Climate action now — Can we keep a 2-degree cap on global warming?

June 10th, 2013 | by K Kaufmann | Comments

I’m sorry, Presidents Obama and Xi, but phasing down hydrofluorocarbons — HFCs — under the Montreal Protocol isn’t going to cut it. We won’t even get into the details — such as HFCs, a greenhouse gas thousands of times more potent than carbon dioxide, aren’t currently covered in the protocol and debate on the issue has been going on for several years.

The point is we are past the time for symbolic gestures.

According to the  International Energy Agency, to avoid potentially uncontrolled climate change, the energy sector worldwide must take immediate action to ramp up energy efficiency, limit the construction and use of coal plants, cut methane emissions related to oil and gas production and at least begin some partial cuts to the subsidies that support our fossil fuel-dependent economies.

The IEA lays out these strategies, called its 4-for-2° C scenario, in a new report released Monday entitled, “Redrawing the Energy-Climate Map.”  The report predicts that, without such immediate, broadbased action, the world could be heading for a global temperature increase of 3.6-5.3° Celsius (6.5-9.5° Fahrenheit) compared to the 2° C most climate scientists have set as the more or less sustainable ceiling for global warming.

I say more or less, because, the report says, the impacts of climate change could be more intense and intensive than previously envisioned.

“Some analysis finds, however, that the risks associated with an increase of around 4° C in global temperatures are not associated with a rise of a little over 2° C, while the risks associated with 2° C are now thought to occur with a 1° C rise.”

Carbon dioxide emissions were up 1.4 percent in 2012, reaching a historic high of 31.6 gigatons. One gigaton is 1 billion tons, so you do the math. Moreover, developing countries now account for 60 percent of global emissions, up from their 45 percent share in 2000, the report said. Two-thirds of global emissions come from energy production, with fossil fuels accounting for 80 percent of energy consumed worldwide.

With global temperatures already up .8° C, the IEA argues, the world cannot wait to agree on and implement a climate action plan until 2020, which is the time frame established under last year’s United Nations climate conference in Doha, Qatar.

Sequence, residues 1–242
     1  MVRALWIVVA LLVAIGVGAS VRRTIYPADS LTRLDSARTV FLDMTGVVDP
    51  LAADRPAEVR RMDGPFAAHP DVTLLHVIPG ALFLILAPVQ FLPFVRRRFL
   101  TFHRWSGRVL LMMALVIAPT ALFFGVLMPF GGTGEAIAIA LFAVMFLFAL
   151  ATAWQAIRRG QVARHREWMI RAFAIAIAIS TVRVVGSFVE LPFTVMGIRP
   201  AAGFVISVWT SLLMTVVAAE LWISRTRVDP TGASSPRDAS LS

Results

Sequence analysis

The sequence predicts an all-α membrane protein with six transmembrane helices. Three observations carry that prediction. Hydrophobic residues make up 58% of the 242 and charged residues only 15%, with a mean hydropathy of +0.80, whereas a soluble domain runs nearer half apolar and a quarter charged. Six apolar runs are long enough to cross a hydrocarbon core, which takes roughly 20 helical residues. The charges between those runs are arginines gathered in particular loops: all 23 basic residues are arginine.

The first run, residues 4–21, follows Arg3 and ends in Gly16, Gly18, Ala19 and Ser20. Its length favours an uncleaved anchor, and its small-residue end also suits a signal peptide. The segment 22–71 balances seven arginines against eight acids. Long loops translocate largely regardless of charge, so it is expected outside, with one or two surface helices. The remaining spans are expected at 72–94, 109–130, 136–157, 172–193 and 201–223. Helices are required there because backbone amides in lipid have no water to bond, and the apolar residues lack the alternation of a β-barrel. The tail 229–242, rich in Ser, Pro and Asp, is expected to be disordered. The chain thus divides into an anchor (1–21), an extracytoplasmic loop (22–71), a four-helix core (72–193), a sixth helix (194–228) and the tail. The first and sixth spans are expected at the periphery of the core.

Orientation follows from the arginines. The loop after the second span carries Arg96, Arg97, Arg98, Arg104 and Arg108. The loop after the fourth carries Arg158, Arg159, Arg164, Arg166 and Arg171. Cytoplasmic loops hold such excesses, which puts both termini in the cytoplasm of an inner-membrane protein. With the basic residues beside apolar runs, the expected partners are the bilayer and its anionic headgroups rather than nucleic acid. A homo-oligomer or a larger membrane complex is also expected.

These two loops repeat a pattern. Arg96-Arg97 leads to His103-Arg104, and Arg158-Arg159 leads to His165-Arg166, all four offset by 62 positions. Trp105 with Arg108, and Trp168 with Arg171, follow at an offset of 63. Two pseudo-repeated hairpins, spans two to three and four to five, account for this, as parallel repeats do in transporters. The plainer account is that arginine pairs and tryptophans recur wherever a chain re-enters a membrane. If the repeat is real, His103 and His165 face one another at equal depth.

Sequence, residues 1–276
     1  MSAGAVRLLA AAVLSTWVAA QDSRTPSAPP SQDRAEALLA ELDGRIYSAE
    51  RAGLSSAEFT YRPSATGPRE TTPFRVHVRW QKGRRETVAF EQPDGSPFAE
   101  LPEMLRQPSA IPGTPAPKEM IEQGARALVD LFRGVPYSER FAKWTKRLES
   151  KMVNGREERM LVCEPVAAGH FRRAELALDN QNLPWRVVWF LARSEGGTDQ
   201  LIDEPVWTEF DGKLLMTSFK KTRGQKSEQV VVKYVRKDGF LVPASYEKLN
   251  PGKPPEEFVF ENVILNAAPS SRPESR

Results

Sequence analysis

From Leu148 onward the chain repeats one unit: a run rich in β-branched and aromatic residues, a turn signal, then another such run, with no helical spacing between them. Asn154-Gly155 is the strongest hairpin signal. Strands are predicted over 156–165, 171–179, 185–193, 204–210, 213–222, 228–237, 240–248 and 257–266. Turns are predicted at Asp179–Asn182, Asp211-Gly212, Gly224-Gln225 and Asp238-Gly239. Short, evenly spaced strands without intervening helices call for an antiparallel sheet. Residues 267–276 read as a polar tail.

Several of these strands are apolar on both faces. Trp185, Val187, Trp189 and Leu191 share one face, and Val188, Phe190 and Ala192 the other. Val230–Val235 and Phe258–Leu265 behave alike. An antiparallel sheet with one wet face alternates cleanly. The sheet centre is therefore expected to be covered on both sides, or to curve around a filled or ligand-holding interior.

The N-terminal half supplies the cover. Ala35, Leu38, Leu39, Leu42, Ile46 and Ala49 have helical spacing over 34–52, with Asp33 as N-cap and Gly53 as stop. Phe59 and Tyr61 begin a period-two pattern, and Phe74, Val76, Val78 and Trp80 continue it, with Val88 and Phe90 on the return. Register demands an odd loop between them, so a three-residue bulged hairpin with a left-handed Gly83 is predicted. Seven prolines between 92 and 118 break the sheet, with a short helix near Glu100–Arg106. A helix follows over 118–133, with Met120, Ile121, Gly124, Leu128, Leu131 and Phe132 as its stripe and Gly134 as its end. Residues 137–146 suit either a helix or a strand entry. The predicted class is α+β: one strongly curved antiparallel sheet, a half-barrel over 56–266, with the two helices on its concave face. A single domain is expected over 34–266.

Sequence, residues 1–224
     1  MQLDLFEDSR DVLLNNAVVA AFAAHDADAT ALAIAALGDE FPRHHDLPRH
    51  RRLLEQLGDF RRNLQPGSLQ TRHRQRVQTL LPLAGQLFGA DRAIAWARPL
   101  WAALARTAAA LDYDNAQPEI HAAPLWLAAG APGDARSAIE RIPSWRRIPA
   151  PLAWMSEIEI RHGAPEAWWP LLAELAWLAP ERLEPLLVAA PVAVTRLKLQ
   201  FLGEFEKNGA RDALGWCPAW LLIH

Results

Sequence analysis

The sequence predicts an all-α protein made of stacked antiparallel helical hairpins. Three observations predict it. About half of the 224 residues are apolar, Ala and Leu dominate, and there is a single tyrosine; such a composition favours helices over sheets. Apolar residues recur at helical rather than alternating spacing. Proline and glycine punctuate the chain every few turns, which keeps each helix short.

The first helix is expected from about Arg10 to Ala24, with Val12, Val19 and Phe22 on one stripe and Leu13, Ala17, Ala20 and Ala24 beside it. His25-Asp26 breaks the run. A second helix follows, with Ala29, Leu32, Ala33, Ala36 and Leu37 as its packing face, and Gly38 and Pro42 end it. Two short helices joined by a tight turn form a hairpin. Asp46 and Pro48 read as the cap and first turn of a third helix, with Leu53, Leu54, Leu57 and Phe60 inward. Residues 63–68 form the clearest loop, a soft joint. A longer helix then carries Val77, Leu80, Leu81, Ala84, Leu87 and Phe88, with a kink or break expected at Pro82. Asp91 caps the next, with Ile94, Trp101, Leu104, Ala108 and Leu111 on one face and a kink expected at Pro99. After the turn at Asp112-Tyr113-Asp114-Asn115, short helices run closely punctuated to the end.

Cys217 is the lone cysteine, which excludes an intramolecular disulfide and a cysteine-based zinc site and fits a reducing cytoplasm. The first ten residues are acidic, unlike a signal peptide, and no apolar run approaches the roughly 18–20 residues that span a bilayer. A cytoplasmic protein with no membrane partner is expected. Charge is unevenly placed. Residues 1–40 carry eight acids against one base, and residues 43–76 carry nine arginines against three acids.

” . . . urgent action is also required, well before 2020, in order to keep open a realistic opportunity for an efficient and effective international agreement from that date.”

Even with the 4-for-2 plan, the IEA estimates our chances for keeping climate change to 2° C are only 50-50.

In other words, if we’re not moving forward, we’re falling increasingly behind, and the IEA has plenty of figures to back up its case. For example, in 2011, subsidies for fossil fuels world wide totaled $523 billion, about six times more than support for renewables.

“Currently, 15% of global CO2 emission receive an incentive of $110 per tonne (metric ton, 2,240 pounds) in the form of fossil-fuel subsidies while only 8% are subject to a carbon price.”

Delaying stronger climate action till 2020 could avoid $1.5 trillion in carbon-reduction investments, the report says, but also require $5 trillion in additional investment just to get back on track.

Reading the report is an incrementally mind-numbing experience – almost every page has some fact or figure adding to the picture of a world on the brink of changes we will not be able to control and refusing to take sensible, immediately available actions that would show we are ready to take the problem seriously.

But the report adds to the growing number of voices  and events signaling that a fundamental transformation in our energy system is imminent if not already underway. Southern California Edison on Friday announced that it is permanently closing the crippled San Onofre nuclear power plant, triggering a new round of long-term energy planning in the state.  Two days before that, Assemblyman V. Manuel Pérez, D-Coachella, introduced amendments to an energy reform bill, calling for California to increase its renewable power target to 51 percent by 2030.

It is time for big visions, creativity and decisive action. The IEA report says it succinctly.

“It is accordingly evident that if the energy sector is to play an important part in attaining the internationally adopted target to limit average global temperature increase, a transformation will be required in the relationship between economic development, energy consumption and greenhouse-gas emissions. Is such a transition feasible? Analyses conclude that, though extremely challenging, it is feasible.”


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